When it comes to opening doors and opening eyes, specialty certification lets employers, colleagues and patients know that a physical therapist (PT) possesses advanced clinical skills in a particular area. Board-certified therapists truly stand out from their peers, considering fewer than 10 percent of the roughly 66,000 members of the American Physical Therapy Association (APTA) have obtained this voluntary advanced credential. And this exclusive group of therapists can reap a variety of benefits: increased prestige, patient referrals, job opportunities, peer recognition and higher pay.
The Go-to Person
After physical therapist Gail Dean Deyle, DPT, OCS, FAAOMPT, became an orthopedic-certified specialist in 1991, peers viewed him as a mentor, colleagues sought his advice and he was invited to participate in continuing-education programs.
"People could clearly understand where my expertise and interest lay," says Deyle, who is graduate program director for the transitional Doctor of Physical Therapy program at Rocky Mountain University of Health Professions in Provo, Utah. Recently retired from the US Army, Deyle also founded the US Army-Baylor University doctoral program in orthopedic physical therapy at the Brooke Army Medical Center in San Antonio.
Following her certification four years ago as an orthopedic specialist, Sharon Feldman, PT, OCS, found that she, too, became an unofficial resource for therapist peers and medical colleagues at the Rehabilitation Institute of Chicago (RIC), where she serves as clinical manager of the Arthritis Center.
Under a new clinical ladder program, the RIC now rewards and encourages board certification with opportunities for advancement and higher salary growth.
A study published in 2002 by the American Board of Physical Therapy Specialties (ABPTS) of the APTA shows that board-certified PTs reported a higher average income than noncertified peers, says Andrea Blake, director of the board's specialty certification department. Studies have also found that physicians and employers believe that certified specialists achieve more effective clinical outcomes and often manage patients with more complex conditions.
Seven Ways to Shine
Currently, the ABPTS offers seven specialty certification areas:
- Cardiovascular and pulmonary (CCS).
- Clinical electrophysiology (ECS).
- Geriatric (GCS).
- Neurology (NCS).
- Orthopaedic (OCS).
- Pediatric (PCS).
- Sports (SCS).
Open to licensed PTs in the United States, Puerto Rico and the Virgin Islands, certification requires a minimum of 2,000 hours of clinical experience in the specialty area and successful completion of a written exam. To maintain certification, candidates must hold a current license, log a minimum number of patient-care hours in the specialty and complete a competency assessment every 10 years.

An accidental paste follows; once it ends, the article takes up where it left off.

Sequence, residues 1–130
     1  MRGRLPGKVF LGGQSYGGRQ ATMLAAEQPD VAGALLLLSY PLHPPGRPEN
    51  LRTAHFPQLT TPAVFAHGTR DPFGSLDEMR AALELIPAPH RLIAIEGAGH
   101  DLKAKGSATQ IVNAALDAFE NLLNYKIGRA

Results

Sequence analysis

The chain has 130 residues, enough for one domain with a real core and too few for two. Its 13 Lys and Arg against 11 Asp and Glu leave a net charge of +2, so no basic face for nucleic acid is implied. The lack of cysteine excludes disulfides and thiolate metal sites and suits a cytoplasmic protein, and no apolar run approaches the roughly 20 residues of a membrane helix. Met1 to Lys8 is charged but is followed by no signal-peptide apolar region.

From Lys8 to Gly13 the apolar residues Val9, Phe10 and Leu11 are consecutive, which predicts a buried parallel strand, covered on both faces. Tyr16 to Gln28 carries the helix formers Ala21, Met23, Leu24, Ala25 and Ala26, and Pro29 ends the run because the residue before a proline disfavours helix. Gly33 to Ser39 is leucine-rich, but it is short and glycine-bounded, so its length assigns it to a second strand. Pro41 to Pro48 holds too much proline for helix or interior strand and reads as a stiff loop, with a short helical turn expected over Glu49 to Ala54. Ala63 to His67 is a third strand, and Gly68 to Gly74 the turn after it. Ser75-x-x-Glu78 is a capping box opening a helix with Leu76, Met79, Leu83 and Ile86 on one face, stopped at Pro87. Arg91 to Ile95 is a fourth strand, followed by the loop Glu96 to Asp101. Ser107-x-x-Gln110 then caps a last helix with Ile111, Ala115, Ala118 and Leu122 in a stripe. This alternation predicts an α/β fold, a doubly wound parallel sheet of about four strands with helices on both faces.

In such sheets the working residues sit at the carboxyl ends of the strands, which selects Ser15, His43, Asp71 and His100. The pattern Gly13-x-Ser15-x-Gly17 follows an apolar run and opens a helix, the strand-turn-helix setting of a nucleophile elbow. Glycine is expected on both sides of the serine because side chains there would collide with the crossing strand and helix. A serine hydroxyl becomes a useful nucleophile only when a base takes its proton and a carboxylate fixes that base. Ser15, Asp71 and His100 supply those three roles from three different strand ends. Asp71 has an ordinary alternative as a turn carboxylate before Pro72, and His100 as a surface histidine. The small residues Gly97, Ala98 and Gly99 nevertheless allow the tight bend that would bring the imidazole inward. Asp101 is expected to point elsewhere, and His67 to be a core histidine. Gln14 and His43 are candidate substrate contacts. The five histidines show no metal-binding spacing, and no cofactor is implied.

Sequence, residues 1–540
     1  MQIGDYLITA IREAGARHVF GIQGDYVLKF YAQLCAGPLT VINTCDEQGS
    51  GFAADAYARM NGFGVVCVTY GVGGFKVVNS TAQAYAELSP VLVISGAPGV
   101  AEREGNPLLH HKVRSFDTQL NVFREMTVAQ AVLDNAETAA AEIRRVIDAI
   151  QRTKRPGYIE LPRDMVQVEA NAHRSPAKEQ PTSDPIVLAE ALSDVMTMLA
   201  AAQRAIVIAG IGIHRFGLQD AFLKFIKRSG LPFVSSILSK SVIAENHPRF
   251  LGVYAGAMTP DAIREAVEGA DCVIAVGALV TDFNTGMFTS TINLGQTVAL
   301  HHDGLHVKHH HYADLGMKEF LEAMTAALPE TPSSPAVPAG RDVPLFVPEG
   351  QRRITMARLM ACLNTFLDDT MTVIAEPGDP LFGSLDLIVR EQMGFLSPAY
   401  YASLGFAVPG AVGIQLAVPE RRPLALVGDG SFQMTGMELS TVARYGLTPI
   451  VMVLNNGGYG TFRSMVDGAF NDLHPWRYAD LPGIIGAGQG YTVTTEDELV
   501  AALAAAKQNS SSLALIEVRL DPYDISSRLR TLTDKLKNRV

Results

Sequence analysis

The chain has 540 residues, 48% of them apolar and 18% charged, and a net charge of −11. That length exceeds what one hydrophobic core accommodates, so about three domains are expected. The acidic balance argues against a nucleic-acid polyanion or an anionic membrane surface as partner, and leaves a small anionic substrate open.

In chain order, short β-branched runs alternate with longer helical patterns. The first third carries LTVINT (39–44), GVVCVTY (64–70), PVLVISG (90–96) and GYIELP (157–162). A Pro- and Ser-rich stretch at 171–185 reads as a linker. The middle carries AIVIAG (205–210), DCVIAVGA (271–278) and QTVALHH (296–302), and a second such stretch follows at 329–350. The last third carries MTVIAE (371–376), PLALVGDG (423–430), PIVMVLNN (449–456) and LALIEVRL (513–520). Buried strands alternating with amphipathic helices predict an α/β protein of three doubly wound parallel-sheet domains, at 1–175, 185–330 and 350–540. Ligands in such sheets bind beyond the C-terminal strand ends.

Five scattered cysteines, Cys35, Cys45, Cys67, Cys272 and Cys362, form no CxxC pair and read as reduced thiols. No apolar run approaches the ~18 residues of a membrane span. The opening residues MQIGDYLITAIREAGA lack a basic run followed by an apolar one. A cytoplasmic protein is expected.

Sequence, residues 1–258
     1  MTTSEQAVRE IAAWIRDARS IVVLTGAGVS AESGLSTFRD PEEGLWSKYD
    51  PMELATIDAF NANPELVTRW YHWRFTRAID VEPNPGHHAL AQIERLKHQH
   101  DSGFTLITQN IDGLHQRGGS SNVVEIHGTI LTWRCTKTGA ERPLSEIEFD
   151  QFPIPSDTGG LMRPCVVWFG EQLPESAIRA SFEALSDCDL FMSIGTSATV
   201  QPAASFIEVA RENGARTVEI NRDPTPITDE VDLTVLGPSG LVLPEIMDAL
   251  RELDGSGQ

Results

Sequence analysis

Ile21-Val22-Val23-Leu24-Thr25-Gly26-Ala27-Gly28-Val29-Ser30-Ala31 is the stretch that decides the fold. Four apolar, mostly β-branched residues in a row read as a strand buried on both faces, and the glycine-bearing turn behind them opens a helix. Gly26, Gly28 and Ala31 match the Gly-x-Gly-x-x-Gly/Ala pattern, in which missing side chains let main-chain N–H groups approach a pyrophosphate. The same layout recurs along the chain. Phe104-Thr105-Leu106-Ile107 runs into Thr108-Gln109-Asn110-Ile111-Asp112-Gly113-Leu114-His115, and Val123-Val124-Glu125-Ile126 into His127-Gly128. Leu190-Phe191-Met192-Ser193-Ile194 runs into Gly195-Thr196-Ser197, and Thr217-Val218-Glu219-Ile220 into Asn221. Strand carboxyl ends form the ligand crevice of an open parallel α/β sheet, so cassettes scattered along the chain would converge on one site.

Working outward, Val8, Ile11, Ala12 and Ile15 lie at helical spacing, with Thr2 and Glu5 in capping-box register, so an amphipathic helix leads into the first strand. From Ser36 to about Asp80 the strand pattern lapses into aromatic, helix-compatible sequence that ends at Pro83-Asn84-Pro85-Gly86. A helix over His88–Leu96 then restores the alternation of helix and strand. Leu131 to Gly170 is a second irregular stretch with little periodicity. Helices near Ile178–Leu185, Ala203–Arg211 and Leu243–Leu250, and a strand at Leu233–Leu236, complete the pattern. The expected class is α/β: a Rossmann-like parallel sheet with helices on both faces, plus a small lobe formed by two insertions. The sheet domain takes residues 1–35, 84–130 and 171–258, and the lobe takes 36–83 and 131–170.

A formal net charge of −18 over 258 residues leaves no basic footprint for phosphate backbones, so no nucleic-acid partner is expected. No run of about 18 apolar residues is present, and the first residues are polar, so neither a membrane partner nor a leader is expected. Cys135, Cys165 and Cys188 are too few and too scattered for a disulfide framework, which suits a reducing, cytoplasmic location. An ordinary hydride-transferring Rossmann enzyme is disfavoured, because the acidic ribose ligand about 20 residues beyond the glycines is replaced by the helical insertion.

As of 2009, more than 9,400 PTs had become board-certified as clinical specialists. More than half of those are in orthopedics, reflecting the number of therapy patients with orthopedic conditions.
Standing Out for Employers
As awareness of specialty certifications grows, employers are realizing certification can help with hiring, staff development, patient care and obtaining referrals.
"Certification is a good indicator that a job candidate has a certain skill level," says Feldman, who handles hiring for her department. "A candidate's ‘years of experience' [don't] necessarily translate into clinical skills."
Certification is also a good time-management tool when screening applicants, she says. "When a candidate has specialty certification, I have greater assurance that I'm getting what I'm asking for," she says.
Deyle, who reports seeing an increased demand for specialty-certified PTs, cites another benefit. "Employers are looking for people who are motivated enough to go through this process," he says.
In addition, Feldman says that referral sources are starting to request clinical specialists when referring patients to the RIC. For patients, employers and colleagues in need of a specialist, the ABPTS's online directory of certified specialists serves as a convenient referral system.
The recognition and career boost that come from achieving a specialty certification are certainly welcome, but Feldman most appreciates what she learned while preparing for the exam in a weekly study group with four colleagues.
"My 15 years of experience gave me the context to better understand the material, and the different perspectives of my study group members helped me look at things differently," she says. "The best thing I got out of it was the year of studying."